Fishermen’s Terminal is the home port of most of the North Pacific and Puget Sound fishing boats, many of whom spend several months on the open sea before returning to Seattle. It doesn’t come as a surprise, that one of the main attractions of the terminal is the fresh fish. On big boards, the catch of the day – be it salmon, halibut or crab – is advertised and ready to be taken home and thrown in a pan. But those who can’t wait that long can also get their seafood fix at one of the restaurants right at the port. Chinook’s, Bay Café and the Highliner Pub offer great views of the Fishermen’s Terminal and are also popular hangout spots for the crews.
At the very center of Fishermen’s Terminal, hundreds of names are inscribed on a big bronze and stone memorial to commemorate all those who have died at sea and to serve as a reminder of the dangers of commercial fishing.
The Chinatown-International District, often simply referred to as the I.D., is the multiethnic center of Seattle’s Asian community. Coincidentally, it is also one of the city’s oldest neighborhoods and thus, is chalk-full with plenty of history and culture. Some highlights include Kobe Terrace, a small terraced park on a hillside showcasing a urban community garden and Mt. Fuji cherry trees, the Wing Luke Museum of the Asian Pacific American Experience as well as the many cultural festivals that are held each year, such as the Lunar New Year celebration and Bon Odori.
Most people head to the Chinatown-International District because of the abundance of authentic restaurants though, which sell everything under the sun from dim sum to banh mi. Many of these eateries are tiny mom and pop type shops or food carts and offer completely authentic flavors and experiences.
Belltown is the former low-rent and industrial turned hip, young and trendy neighborhood in Seattle and it is here that most of the city’s residential base lives – in high-rise residences of course. Due to the district’s popularity, many chic boutiques, hot nightclubs and upscale restaurants have moved into the business spaces on the street level of those skyscrapers, but there are also plenty of quirky places to eat, interesting art galleries, clothing stores and much more to be found. In fact, Belltown is considered to be one of the most walkable neighborhoods in the United States and everything you could ever need or ask for can be found within its boundaries. Thus, leave your car at home and go exploring on foot.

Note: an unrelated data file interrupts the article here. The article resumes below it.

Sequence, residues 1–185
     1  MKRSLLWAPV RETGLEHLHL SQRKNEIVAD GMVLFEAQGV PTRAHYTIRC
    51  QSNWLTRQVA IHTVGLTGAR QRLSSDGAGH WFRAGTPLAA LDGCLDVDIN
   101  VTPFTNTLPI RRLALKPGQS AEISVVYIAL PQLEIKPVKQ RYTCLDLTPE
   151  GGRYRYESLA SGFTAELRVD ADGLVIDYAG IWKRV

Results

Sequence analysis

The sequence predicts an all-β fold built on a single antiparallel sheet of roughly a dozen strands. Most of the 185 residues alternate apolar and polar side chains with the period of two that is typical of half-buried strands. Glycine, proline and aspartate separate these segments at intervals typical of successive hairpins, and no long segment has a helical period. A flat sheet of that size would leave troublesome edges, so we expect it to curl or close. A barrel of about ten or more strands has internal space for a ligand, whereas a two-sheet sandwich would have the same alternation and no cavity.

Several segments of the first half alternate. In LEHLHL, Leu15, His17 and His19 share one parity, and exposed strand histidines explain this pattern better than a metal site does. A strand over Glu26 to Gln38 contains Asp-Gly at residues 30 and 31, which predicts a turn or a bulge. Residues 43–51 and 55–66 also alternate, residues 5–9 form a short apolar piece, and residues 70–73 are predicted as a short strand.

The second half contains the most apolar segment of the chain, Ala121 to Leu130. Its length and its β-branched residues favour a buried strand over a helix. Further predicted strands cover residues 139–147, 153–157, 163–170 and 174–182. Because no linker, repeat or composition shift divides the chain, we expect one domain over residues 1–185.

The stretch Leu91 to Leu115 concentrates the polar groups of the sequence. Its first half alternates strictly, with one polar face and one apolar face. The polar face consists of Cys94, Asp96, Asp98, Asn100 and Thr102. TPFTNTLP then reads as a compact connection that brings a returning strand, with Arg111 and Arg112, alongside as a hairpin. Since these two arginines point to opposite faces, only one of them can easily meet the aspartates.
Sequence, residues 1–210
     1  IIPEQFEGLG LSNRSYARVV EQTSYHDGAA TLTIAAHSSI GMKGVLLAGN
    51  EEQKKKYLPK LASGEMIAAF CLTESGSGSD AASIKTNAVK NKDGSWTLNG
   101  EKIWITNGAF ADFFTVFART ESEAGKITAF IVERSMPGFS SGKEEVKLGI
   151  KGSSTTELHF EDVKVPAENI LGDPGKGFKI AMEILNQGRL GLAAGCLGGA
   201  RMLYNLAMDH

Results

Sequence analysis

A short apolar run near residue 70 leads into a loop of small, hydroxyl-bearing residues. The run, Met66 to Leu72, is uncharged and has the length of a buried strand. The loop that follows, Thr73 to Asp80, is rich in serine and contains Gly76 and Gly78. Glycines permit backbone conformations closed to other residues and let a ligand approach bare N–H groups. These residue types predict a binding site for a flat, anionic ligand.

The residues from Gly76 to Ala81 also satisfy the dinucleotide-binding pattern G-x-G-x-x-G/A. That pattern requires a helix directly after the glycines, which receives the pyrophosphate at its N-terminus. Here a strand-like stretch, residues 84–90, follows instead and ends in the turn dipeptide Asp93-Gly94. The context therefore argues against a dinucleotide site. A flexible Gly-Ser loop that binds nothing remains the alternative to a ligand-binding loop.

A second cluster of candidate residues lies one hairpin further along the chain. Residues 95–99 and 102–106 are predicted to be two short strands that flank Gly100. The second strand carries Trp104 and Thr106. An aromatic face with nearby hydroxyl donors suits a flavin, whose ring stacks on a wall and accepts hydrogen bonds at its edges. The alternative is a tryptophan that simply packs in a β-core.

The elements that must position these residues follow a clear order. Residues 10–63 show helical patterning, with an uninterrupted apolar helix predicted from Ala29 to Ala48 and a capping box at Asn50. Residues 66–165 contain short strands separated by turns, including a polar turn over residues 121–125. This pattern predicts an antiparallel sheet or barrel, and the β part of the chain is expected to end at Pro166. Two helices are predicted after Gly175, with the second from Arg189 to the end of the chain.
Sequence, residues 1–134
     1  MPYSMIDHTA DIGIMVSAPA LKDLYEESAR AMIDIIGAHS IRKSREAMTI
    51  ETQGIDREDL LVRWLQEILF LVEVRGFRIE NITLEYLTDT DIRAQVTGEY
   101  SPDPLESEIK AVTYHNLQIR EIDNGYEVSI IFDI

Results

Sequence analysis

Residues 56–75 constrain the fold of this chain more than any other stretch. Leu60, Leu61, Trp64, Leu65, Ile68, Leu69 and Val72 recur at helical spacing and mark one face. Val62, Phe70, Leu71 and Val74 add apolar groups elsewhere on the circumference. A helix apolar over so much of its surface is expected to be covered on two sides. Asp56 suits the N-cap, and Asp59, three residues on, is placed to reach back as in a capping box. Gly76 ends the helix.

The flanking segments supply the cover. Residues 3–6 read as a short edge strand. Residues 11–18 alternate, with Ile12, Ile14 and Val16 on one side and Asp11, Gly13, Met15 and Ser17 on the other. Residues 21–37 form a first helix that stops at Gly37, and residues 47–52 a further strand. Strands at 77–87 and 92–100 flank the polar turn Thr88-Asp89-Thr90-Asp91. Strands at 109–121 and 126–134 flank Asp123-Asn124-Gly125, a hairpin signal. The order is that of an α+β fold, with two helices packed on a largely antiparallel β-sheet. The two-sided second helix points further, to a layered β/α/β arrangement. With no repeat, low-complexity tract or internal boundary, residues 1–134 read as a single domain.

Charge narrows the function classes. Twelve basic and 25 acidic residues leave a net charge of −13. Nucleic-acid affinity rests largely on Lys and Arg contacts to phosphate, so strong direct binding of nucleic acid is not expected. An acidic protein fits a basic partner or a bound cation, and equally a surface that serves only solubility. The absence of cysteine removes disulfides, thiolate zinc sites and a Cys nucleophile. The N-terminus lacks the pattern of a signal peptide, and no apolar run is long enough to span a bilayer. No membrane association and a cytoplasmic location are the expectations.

Head to the Olympic Sculpture Park to get a look at the many art installations put together by local artists or get tickets for a concert at The Crocodile, one of Seattle’s favorite concert venues, for some incredible live music.
One of Seattle’s premier destinations for wine, art, and festivals, the Seattle Center is the 74-acre heart of all events in the Seattle area. Originally built for the 1962 World’s Fair, this vibrant hub of activity for Seattle holds some of the area’s best attractions. The Seattle Space Needle (once the tallest building west of the Mississippi) is here, as is the International Fountain, the famous Chihuly Garden and Glass Museum, as well as the Kobe Bell, Mercer Arena, and the Pacific Science Center. Great for a family day in the park, for catching one of the numerous music concerts or cultural events, or for visiting the center’s many restaurants, the Seattle Center is one stop that you can’t miss.
In July 1897, a year after local miners literally stuck gold in the Klondike Region of northwestern Canada, a local Seattle newspaper got wind of the news and published a headline stating simply “Gold! Gold! Gold! Gold!” It triggered an exodus of hopeful prospectors that is today known as the Klondike Gold Rush. The hopes of riches beyond imagination jump started wild dreams in over 100,000 people, who all sold their farms, homes and businesses in the midst of an economic depression to head north to the Yukon gold fields. The Klondike Gold Rush National Historic Park in downtown Seattle commemorates and preserves the stories of those brave people taking part in the “Last Great Adventure”, many of whom underwent the long voyage in vain, and explores the city’s crucial role in the events.
The Seattle unit of the Klondike Gold Rush Park is part of an international cooperation between the United States and Canada, with other sites being located in historically important locations.
Discovery Park is Seattle’s largest public park and although the green space offers over 11 miles of trails, the shorter Loop Trail is perfect for those wanting a quick taste of the scenery. Connecting to the other trails designed for further exploration, it follows the perimeter of the park, taking hikers through second-growth forests consisting of maple, alder, cherry, fir and cedar trees, open meadows and along sandy beaches littered with gnarly driftwood. The park is also a great place to get a view of the Olympic Mountains and Puget Sound, as well as to catch a glimpse of the diverse wildlife. Seals, sea lions, chipmunks and over 270 species of birds have made their home in and around the 534 acres of the park and just like the visitors coming here for a quick respite, have found somewhat of a sanctuary from the active city.